It's OK to laugh at the following story. David Feherty wants you to laugh.
"There was one episode at Castle Pines," the golf commentator says, recalling the Castle Rock tournament he covered over the years. "You know, I take a lot of medicine, psych meds and things like that, for depression. And before one of the shows at the International, I was gonna take a Lipitor, like a blood pressure medicine, and I accidentally took an Ambien, a sleeping pill.
"So I did the show from a flatbed cart. They said it was the best show I ever did, because I wasn't really there."
He'll have more such stories Saturday night in Denver - stories with darkness buried in the upbeat act.
"Live Off Tour" audiences have been treated with firsthand, behind-the-scenes anecdotes of legends including Arnold Palmer and Tiger Woods, but nonsporty types have delighted also in Feherty's self-deprecation. From his playing days that coincided with drug and alcohol abuse, to bipolar disease, to divorce, to parenting, to his career traveling to the game's biggest stages for CBS Sports and now NBC Sports, he has a lot of material.
Away from the cameras, comedy has "been kind of cathartic," Feherty says one morning from his home in Dallas, a hint of exhaustion with the thick Irish accent.
He doesn't have to censor himself on stage as he does when he's broadcasting. Also, "it just seems like the ideal sort of outlet for me to be able to share with people, really, my life story, interspersed with other people's stories and a bunch of Irish jokes."
Feherty is a funny guy, which is why the golf world likes him around. He's a rare commodity, a big voice in a sport known for its hushed commentary, a colorful character in a fraternity meant for "gentlemen." One newspaper called him "the most outrageous man in a buttoned-up game."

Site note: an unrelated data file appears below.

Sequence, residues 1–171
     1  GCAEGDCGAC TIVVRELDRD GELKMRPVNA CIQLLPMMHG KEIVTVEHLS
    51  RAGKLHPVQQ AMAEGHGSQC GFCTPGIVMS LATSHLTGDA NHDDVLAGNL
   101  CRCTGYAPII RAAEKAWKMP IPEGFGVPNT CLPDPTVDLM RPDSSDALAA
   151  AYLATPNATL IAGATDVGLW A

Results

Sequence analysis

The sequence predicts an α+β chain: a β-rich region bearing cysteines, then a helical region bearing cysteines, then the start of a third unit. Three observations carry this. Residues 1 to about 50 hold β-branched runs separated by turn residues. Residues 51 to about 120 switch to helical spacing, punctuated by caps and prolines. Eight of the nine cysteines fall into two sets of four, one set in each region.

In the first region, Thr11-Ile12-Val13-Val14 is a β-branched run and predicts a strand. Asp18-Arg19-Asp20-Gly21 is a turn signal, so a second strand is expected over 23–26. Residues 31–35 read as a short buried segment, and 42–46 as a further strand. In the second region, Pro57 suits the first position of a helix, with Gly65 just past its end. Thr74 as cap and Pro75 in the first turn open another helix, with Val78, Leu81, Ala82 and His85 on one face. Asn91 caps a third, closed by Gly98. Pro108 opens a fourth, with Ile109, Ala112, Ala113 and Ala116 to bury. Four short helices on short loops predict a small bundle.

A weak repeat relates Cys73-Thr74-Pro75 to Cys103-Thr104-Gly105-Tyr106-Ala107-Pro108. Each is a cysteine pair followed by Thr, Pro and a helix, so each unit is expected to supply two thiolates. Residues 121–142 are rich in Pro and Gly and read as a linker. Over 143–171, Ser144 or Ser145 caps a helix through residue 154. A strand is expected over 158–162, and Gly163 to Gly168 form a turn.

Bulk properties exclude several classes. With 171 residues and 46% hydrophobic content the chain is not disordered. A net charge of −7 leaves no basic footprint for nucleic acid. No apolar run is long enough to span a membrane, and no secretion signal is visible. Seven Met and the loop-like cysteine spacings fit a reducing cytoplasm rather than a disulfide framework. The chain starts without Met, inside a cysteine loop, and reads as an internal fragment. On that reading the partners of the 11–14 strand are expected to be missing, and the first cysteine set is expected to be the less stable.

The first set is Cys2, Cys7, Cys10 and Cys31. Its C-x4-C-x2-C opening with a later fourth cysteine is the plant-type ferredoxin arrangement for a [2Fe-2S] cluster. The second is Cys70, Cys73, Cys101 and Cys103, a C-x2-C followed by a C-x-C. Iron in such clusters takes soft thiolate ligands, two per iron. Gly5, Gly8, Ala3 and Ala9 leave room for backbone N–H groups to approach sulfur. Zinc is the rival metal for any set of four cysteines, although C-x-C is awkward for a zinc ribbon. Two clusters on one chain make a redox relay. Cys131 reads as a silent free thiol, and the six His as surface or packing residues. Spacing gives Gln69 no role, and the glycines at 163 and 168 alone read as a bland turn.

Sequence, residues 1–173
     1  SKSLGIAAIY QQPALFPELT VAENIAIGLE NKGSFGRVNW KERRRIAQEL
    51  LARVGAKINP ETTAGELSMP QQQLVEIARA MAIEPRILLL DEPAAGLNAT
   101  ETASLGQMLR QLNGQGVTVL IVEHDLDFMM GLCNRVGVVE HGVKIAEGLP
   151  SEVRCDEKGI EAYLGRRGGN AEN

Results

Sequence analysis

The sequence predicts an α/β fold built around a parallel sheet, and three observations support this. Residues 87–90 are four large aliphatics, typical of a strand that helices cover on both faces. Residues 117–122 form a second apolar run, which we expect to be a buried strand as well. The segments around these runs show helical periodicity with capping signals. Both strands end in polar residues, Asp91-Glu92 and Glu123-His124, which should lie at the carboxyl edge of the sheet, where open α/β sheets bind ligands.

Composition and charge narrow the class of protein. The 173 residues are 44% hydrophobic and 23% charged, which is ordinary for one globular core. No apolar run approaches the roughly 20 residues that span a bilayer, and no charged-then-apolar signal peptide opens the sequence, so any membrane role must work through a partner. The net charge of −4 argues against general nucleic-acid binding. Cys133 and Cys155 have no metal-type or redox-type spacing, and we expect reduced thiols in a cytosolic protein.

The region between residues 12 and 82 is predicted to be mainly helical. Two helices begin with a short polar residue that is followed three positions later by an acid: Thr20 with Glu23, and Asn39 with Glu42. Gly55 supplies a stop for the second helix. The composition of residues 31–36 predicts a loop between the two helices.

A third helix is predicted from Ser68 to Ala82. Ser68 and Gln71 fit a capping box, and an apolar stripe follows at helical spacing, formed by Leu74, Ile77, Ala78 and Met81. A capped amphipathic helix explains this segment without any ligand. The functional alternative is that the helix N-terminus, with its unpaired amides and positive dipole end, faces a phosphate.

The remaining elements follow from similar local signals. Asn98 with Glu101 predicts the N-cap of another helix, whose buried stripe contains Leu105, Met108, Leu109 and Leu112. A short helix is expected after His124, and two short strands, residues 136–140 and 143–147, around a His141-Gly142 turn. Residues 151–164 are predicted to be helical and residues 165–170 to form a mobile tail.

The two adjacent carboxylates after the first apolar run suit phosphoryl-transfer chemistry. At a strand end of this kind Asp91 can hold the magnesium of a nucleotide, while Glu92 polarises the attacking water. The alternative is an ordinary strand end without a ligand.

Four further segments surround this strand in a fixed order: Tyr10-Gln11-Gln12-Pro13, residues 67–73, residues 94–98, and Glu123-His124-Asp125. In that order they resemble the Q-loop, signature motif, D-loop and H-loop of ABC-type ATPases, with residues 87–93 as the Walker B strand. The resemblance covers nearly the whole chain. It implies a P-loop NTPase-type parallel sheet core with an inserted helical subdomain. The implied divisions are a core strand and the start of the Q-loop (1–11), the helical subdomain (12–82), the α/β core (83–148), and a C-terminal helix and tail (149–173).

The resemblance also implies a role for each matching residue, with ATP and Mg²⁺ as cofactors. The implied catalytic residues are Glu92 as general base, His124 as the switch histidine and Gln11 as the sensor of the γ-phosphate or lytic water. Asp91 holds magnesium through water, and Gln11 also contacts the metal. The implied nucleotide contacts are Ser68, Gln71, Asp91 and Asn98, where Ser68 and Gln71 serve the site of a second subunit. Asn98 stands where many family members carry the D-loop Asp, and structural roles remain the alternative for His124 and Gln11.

He's OK with the reputation. "Sure, the game is taken too seriously at times, there's no question," he says.
Feherty the player became known for antics more than wins. Perhaps most famously, he won the 1986 Scottish Open and then went on a multiday bender, losing the trophy in the process.
Throughout his competitive career, comedy was "a sort of self-defense kind of thing." Anytime he played badly, "I would always try to make fun of it. And I played badly a lot," he says, chuckling.
But he's always been the funny guy, ever since he was a kid growing up in Northern Ireland.
"I was a classic ADD child," Feherty says. "I was made to feel stupid in school. Other kids laughed at me. So I developed a sort of armor. I would make fun of myself before they could do it. I think that's where (comedy) came from, more of self-defense than anything else."
The armor can be heavy. Comedy is not as natural to Feherty as it might seem to onlookers. They can find him back stage before the show, "panic- stricken," he says. "Every time, I think, Jesus, whose idea was this?"
It was a promoter's, a guy in Canada who saw Feherty light up the room during a corporate get-together.
But it's been worthwhile, Feherty says.
"Giving people two hours of comic relief. You know, laughter's the best medicine and all that."
SETH BOSTER, THE GAZETTE, 636-0332, SETH.BOSTER@GAZETTE.COM